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Sep 11, 201409:56 AM
Haute Plates

Our weekly blog on the New Orleans fine dining scene

A Seafood Tasting and MasterChef Casting Call

fox.com/MasterChef

I have two events to report this week, friends. First is a seafood tasting panel being held at Calcasieu (930 Tchoupitoulas Street, 588-2188) on Monday, September 15. It’s actually three panels; the first starts at 5:30, the second at 6:45 and the last at 8. Here’s a bit of the old cut and paste from the PR I got: 
 
This event is being conducted by Mississippi State University in collaboration with Calcasieu. The purpose of the event is to learn more about consumer preferences for fish entrées. As a panel participant you will have the opportunity to taste different recipes and provide your input. Beverages will be provided as well.
We are fond of events that are fun, educational, and filled with good food. There are no costs to participate and besides making a contribution to a scientific research project, you will have the opportunity to experience James Beard Award-winning Chef Donald Link's cuisine! 
The easiest parking will be the PMS Fulton Place Parking Garage in 901 Convention Center Blvd. Participants must be at least 18 years old and not allergic to fish. Please, make plans to arrive at least 15 minutes before the event starts.
 
Wait, there’s more! From professor Daniel Petrolia’s email response to my question: 
 
There will be 4 rounds, in each round participants will see 3 samples of different fish, all prepared in the same way.  (We are interested in preferences for the fish themselves, not so much in the preparation.)  They will be asked to taste/sample/evaluate the fish, and then, given the posted hypothetical prices shown for each sample, indicate which they would be most likely to buy if these three fish were on the menu somewhere.  Each round will feature a different preparation style.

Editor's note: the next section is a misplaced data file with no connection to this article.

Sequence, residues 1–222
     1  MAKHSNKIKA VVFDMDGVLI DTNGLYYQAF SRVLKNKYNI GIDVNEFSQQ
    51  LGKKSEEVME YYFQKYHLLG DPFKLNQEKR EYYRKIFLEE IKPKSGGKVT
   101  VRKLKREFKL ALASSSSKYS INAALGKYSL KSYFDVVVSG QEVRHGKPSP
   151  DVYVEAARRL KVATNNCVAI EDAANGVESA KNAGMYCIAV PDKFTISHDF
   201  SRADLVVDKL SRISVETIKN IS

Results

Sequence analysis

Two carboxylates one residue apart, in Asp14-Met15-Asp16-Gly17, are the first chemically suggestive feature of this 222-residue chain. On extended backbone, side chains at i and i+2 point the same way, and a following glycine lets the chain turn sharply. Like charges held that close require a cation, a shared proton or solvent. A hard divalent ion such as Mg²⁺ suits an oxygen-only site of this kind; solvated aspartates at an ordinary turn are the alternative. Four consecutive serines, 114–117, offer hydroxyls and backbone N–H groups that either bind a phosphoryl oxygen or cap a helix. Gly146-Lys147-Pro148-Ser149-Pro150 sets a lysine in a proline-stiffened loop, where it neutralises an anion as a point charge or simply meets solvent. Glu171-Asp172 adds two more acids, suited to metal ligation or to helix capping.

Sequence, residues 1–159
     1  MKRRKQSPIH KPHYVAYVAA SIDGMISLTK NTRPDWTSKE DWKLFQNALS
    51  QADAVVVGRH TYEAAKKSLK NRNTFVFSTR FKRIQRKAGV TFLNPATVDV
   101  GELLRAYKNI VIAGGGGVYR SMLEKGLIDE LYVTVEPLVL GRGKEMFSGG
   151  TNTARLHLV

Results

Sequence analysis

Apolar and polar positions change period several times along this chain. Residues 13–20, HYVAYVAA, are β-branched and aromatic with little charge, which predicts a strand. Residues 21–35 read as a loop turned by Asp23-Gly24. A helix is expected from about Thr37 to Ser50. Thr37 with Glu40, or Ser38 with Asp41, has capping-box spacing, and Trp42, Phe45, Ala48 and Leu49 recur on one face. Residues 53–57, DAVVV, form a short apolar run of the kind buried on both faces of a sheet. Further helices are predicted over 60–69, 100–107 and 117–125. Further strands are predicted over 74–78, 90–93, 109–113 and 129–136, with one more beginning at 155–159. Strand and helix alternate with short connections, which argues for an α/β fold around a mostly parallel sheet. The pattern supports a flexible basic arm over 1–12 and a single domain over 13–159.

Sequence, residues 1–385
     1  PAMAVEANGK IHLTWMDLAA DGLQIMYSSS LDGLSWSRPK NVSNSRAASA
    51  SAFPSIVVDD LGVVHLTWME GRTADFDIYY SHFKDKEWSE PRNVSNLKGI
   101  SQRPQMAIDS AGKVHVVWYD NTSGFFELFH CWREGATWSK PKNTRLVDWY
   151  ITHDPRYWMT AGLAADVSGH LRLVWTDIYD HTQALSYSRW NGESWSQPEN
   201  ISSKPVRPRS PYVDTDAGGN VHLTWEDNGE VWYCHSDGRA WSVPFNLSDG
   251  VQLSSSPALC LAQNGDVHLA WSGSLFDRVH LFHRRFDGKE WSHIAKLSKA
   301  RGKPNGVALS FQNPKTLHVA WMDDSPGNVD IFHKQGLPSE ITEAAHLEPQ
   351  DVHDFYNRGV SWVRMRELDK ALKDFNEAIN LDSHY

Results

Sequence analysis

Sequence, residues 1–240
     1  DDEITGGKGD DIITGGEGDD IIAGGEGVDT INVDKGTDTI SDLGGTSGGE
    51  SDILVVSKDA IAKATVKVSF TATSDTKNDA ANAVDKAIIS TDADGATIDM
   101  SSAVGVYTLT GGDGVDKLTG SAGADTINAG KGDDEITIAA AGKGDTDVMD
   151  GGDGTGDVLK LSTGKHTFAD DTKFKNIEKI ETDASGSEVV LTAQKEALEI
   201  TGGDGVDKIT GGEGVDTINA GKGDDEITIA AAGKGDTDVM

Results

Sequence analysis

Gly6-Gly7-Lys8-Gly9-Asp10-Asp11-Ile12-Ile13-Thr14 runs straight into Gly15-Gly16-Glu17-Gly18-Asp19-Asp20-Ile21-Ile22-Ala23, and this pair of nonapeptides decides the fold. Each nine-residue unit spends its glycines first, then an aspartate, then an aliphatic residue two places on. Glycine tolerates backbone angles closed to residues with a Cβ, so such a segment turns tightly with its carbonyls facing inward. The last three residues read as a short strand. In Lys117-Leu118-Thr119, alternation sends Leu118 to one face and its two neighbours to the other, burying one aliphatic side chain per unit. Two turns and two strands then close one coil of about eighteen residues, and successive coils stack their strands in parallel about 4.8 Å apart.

The fish served with be either wild-caught in the Gulf or locally farmed, but more importantly and in the event you skipped the underlined bit in the first C&P above, IT IS FREE. Moreover, panelists will get a glass or two of complimentary wine and there’ll be a cash bar if that’s insufficient. 
 
I fail to see how this is a bad deal for a Monday night. Taste multiple seafood courses prepared by the folks at Calcasieu and tell the people behind the study whether you’d be likely to order each at a given price, have a glass or two of wine and go home. I kept expecting a catch in my email back-and-forth with professor Petrolia; something like, “Well, since you ask, I guess I should mention that one of the fish is going to be poison in each round,” or “This study is being conducted on behalf of Pepto-Bismol, and by ‘free wine’ I meant ‘free immediately necessary pink bismuth in suspension,’” but no. This may be the proverbial free lunch, kids. 
I still haven’t figured out if I’ve got the time to make it, but I’m going to try. If you’re interested, follow this link and sign up. Each panel is limited to 50 people, so going soon is probably a good idea. 
 
The second event I have to report is a casting call for  Master Chef, which is a Fox television show about a cooking competition for amateurs hosted by chefs Gordon Ramsay and Graham Elliot and restaurateur Joe Bastianich. If I can judge by the 20 minutes I just spent watching portions of the show on my computer, it is a reality show featuring large sets, a great deal of “drama” and helicopters. 
 
Some years ago this sort of thing would have set me off, usually to humorous effect (if I do say so myself). Now I’m ambivalent about the whole thing. I haven’t changed my opinion about Gordon Ramsay; I find his schtick tiresome. But I don’t think this particular sort of reality show – where the contestants are not chosen because they are good, as much as because they are telegenic – is designed to appeal to me, and that’s ok.